People for Parks recently approved the largest grant in its 41-year history to create an interactive nature play space near the Carl W. Kroening Interpretive Center in North Mississippi Regional Park.
The $35,000 grant will be used to construct the new nature play area after North Minneapolis park users have a chance to weigh in on the plan. Nature play areas are built using materials like logs, sticks, rocks or water to foster imaginative play and a deeper connection to the natural world. We hope to begin construction in late 2018.
People for Parks’ Executive Director, Chriss Joyce, reminisces about when she was a kid, “I would find a fallen tree in the forest and it would provide hours of entertainment as my rocket ship, pirate ship, castle wall, or just be a place that I could enjoy the nature around me and watch the clouds pass by. I hope that this nature play area will allow for that same kind of curiosity, adventure, and fun for the nearby communities of North Minneapolis as well as residents beyond the Minneapolis boundaries.”
The Minneapolis Park and Recreation Board opened its first nature play area last summer at Lake Nokomis Community Center. Nature play areas were also included in plans for Keeywaydin, Matthews and Powderhorn Parks as part of the South Service Area Master Plan, a long-term plan for all South Minneapolis neighborhood parks approved in 2016.
“Playing for life is my motto, and nature play areas provide a wonderful way to promote discovery, creativity and imagination through outdoor experiences,” said Mary Merrill, MPRB Superintendent. “We’re excited about diversifying outdoor play opportunities at Minneapolis parks and grateful for partners like People for Parks to help make that happen.”
Future growth opportunities exist to help draw more visitors to the many offerings at the Interpretive Center. To learn more or to make an individual donation, visit www.peopleforparks.netor contact firstname.lastname@example.org.
Learn more about this Nature Play Space Project.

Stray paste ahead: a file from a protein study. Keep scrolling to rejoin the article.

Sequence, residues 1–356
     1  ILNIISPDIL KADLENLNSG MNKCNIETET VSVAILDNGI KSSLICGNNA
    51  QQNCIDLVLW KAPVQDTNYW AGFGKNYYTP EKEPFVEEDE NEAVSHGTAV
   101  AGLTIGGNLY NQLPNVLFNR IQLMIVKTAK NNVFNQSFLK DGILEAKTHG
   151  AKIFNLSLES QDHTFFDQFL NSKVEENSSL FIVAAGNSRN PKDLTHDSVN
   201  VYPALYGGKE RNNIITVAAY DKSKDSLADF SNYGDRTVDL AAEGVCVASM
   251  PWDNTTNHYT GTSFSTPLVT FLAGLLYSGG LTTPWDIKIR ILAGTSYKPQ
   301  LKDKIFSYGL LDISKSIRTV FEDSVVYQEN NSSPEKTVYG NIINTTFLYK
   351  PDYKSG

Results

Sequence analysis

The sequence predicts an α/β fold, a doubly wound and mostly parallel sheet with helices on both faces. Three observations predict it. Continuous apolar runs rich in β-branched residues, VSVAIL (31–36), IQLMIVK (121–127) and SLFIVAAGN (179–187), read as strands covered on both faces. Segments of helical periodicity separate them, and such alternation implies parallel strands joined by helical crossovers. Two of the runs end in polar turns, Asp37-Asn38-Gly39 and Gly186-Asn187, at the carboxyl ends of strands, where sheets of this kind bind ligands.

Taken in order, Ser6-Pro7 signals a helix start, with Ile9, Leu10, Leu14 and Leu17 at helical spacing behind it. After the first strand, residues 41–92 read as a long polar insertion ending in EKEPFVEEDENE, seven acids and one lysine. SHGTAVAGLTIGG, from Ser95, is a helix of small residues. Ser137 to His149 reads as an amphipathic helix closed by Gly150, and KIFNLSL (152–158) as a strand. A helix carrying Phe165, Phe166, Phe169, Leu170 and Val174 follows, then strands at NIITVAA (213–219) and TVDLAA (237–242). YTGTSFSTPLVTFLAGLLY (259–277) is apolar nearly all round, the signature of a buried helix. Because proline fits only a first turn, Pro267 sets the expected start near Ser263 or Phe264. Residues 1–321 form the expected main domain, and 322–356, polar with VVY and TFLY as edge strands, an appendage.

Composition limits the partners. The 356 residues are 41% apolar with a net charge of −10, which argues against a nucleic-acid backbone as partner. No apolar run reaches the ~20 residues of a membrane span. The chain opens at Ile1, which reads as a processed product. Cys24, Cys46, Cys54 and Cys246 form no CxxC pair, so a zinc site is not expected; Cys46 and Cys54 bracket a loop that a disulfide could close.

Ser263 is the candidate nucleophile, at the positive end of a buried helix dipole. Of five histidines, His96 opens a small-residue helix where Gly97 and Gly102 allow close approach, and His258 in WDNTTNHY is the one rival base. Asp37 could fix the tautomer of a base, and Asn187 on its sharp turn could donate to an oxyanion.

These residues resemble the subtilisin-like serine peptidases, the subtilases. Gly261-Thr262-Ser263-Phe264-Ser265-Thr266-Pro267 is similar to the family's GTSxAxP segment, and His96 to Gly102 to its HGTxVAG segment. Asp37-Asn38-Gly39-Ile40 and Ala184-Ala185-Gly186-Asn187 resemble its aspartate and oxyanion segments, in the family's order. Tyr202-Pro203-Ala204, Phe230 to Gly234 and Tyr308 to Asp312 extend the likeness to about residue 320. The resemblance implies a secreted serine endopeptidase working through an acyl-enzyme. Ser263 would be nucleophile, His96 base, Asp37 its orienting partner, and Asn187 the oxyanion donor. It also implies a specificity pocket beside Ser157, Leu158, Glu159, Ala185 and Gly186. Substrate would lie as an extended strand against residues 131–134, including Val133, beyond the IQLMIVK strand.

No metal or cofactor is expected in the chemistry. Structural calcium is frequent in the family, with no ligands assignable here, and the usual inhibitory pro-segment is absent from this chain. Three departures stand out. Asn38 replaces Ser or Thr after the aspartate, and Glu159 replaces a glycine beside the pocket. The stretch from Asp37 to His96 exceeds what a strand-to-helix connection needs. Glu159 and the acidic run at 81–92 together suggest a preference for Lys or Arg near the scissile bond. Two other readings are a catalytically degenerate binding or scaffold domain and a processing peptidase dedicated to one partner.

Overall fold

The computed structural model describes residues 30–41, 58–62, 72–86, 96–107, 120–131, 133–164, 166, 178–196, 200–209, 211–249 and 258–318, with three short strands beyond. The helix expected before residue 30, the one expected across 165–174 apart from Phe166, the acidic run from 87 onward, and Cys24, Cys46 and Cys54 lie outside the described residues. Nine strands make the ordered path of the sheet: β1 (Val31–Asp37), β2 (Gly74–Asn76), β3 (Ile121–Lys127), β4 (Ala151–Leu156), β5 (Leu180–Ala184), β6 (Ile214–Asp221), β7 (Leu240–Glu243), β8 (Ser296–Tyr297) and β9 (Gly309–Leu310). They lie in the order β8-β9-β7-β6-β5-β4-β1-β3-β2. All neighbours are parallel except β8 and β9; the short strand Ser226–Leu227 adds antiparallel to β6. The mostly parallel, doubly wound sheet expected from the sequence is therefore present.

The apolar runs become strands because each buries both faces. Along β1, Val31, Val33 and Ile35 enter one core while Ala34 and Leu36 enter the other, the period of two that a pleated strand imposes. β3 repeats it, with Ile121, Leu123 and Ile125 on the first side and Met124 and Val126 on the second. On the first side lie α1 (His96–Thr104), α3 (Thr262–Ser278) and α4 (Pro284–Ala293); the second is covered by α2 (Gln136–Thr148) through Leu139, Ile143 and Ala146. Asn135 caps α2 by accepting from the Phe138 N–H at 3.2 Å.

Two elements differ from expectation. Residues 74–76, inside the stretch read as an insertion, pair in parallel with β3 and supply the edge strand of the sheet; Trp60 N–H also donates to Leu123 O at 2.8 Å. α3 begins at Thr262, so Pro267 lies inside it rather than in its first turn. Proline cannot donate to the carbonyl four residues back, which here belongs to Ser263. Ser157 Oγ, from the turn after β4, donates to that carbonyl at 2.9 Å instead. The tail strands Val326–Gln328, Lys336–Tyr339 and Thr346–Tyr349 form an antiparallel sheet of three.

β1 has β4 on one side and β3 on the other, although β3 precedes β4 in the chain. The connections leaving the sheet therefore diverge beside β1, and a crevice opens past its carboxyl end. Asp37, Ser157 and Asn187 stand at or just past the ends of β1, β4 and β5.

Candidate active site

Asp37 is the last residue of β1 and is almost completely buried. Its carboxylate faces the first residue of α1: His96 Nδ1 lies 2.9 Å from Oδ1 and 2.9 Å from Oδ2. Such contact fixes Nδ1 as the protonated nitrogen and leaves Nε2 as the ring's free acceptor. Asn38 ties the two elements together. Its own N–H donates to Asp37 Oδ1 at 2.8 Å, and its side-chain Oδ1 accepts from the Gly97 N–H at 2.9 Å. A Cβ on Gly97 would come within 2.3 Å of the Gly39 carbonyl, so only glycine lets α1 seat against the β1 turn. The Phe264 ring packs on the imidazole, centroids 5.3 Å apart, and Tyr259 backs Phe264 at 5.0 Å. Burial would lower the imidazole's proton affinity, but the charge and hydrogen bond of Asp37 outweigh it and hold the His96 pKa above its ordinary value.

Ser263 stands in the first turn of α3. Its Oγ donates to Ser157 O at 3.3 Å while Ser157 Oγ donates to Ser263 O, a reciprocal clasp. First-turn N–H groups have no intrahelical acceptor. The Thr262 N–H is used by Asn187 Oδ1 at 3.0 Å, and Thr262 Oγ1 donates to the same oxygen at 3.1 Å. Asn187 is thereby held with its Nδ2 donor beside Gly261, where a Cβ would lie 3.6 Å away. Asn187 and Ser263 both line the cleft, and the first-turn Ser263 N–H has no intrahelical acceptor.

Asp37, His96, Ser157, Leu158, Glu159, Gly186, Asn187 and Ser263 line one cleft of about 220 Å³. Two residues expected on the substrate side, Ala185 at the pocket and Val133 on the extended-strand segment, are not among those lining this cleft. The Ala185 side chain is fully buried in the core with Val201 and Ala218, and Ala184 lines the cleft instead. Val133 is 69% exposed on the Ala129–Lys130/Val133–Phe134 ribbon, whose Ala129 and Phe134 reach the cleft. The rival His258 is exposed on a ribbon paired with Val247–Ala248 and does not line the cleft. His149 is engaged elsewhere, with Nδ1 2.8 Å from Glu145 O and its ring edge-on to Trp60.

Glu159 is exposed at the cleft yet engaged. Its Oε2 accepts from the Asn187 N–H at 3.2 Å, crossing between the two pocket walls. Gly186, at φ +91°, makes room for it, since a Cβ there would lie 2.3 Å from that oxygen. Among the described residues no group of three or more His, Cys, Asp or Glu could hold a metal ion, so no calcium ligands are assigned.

About People for Parks
People for Parks is a grass-roots 501(c)(3) non-profit that funds projects and programs which enhance the Minneapolis park system. In four decades, People for Parks has contributed more than $2 million and thousands of volunteer hours toward making Minneapolis parks more beautiful, more useful and more enjoyable. People for Parks was created in 1977 to help fight Dutch Elm Disease, which was decimating the city’s urban forest. By 1979, as the worst of the scourge had passed, People for Parks began to solicit contributions for a variety of park programs, working with the staff of the Minneapolis Park and Recreation Board to identify unfunded needs.
About the Minneapolis Park and Recreation Board
The Minneapolis Park and Recreation Board is an independent, semi-autonomous body responsible for the Minneapolis park system. With 179 park properties totaling 6,804 acres of land and water, the Park Board provides places and recreation opportunities for all people to gather and engage in activities that promote health, well-being, community and the environment. Its Grand Rounds Scenic Byway, neighborhood parks, recreation centers and diversified programming have made the park system an important component of what makes Minneapolis a great place to live, play and work. More than 22 million annual visits are made to the nationally acclaimed park system, which was named the number one park system in the nation in 2013, 2014, 2015, 2016 and 2017 by The Trust for Public Land’s ParkScore® Index.